I stumbled across Directory Opus the other week when looking for a better replacement for Windows Explorer.   I watched one of their videos on YouTube describing the features and I thought ‘ehhh, maybe I could use this’.  I tried the DOpus demo version for a bit and wasn’t initially drawn to it because I lacked the time to fully configure it to meet my needs.  I also tried XYplorer and loved the tagging features of it, but DOpus drew me back somehow.  I purchased the latest v12 DOpus release and have been happy as a bug in a rug.

Getting the hang of it

The pain with learning DOpus is configuring it.  It has tons of options and just when you think DOpus can’t do what you need, you find out about the configuration setting that solves the problem.  I has taken me a few weeks to integrate DOpus into my daily work-flow and I kept switching between DOpus and XYplorer before I really begin to get comfortable with it.

‘Lister’ would not be what I call this thing

One of the features of DOpus that I like is the ‘Lister’ or saved tabsets/views.  Think of it as saving Windows Explorer views.  The thing to remember is to save your views for different tasks and then create a custom menu button that lists all of your saved Listers (since I have not found a view that gives you quick access to switching between your saved Listers).  Some of my saved Listers includes one that remembers my latest project directory, another for burning image CDs (where one tab is the source folder of images and the other tab is the DVD drive to burn images to), and then another Lister of common template files I need to access.  One of my issues with DOpus is that it does not tell you the Lister you are using by default.  Again, this goes back to configuring DOpus to do what you need it to, but you need to play with DOpus a bit to know what it is capable of.  One of the configurations I made to show the Lister name in the title bar is set Settings/Preferences/Display/Options/Lister title bar:/Custom title: = %L – %P.  This shows the Lister name (%L) and the file path (%P) after it so I am able to quickly tell if I am on a general Lister or one of my saved Listers.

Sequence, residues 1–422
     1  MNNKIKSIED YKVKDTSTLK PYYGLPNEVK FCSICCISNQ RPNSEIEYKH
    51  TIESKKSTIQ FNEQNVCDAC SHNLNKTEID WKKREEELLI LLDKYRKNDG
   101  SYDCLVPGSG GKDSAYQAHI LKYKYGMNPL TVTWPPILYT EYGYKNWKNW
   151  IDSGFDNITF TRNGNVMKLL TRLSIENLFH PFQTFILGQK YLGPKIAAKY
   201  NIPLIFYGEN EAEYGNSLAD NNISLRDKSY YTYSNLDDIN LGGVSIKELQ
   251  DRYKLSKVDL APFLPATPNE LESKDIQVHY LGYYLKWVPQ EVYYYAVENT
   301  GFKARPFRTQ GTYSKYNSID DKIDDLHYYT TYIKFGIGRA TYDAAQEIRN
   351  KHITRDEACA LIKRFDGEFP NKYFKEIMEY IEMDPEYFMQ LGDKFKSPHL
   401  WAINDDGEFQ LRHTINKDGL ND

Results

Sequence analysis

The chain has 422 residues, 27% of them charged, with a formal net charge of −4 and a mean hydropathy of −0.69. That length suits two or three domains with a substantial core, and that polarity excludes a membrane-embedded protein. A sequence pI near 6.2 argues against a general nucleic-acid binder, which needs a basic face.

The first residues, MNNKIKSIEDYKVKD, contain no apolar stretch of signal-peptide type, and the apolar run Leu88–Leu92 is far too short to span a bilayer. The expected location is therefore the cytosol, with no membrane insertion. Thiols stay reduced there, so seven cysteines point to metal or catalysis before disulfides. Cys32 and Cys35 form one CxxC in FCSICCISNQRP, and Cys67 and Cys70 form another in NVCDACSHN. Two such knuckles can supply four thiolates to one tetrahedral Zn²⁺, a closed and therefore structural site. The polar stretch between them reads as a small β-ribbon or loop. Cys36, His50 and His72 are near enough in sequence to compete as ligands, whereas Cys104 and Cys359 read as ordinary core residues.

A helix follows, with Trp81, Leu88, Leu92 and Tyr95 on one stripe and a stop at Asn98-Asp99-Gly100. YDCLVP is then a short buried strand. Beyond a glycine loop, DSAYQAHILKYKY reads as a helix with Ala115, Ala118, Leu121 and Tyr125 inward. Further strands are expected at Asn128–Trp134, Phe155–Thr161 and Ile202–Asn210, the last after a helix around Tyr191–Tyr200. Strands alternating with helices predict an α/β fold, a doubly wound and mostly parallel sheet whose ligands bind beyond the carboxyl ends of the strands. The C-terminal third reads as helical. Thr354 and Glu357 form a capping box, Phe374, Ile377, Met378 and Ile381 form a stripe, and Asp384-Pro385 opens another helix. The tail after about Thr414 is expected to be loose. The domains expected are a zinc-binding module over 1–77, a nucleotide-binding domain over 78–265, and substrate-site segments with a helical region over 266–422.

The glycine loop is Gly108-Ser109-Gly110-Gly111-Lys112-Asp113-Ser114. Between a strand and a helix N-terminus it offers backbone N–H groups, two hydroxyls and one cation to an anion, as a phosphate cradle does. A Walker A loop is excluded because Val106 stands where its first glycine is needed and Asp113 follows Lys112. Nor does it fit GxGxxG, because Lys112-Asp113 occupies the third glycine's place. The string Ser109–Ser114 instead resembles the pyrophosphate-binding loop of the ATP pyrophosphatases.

I also love the fact I can add buttons to commonly used applications and write scripts using ActiveX and apply them to your buttons which I find SUPER helpful and much more powerful than XYplorer.  The first scripted button I created is used to import images from selected folders into a PACS database, which would normally require me to manually execute DOS commands for each folder separately.  Here is the code:


* @abstract JS script to be applied directly to the command editor for a button.
// get the list of selected directories in the active tab
var selected_dirArray=DOpus.listers(0).activetab.selected_dirs;
//DOpus.Output(selected_dirArray.count); // simple output to message log
var enumFiles = new Enumerator(selected_dirArray);
// show a popup dialog with the selected directories
var dlg = DOpus.Dlg;
// selected_dirArray.count; // the number of selected directories
for (i = 0; i < selected_dirArray.count; i++) {
/* // uncomment to test the selected folders first
//dlg.buttons = "OK";
//dlg.message = enumFiles.item().path; // print parent path name
// we only execute the code if we are in the correct directory (note the path directories must be escaped with \)
if (enumFiles.item().path=="J:\\Dept\\Project\\Study001\\Radiographs\\J4"){
// we open the command line for each directory selected and import the images into the PACS using the folder name in each DOS command
var oShell = new ActiveXObject("WScript.Shell");
oShell.Run("cmd /k P:\\DicomPacsServer4\\dgate64.exe -v -frMAG0,"+enumFiles.item().name);

I am also looking to integrate Everything (a search indexing tool by VoidTools) into DOpus at some point, but I’m not there yet. If you are looking for a highly configurable replacement to Window Explorer and need a more sophisticated tool for handling your files and folders, DOpus is definitely worth the license fee.